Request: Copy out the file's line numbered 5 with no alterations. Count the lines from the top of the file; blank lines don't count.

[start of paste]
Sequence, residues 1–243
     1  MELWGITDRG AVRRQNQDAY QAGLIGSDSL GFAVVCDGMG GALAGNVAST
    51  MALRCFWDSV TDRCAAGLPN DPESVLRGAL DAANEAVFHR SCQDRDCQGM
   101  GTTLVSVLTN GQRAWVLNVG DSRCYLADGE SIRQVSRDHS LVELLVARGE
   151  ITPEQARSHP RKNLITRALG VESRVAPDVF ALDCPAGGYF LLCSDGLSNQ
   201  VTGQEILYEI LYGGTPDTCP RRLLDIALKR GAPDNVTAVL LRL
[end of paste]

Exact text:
   151  ITPEQARSHP RKNLITRALG VESRVAPDVF ALDCPAGGYF LLCSDGLSNQ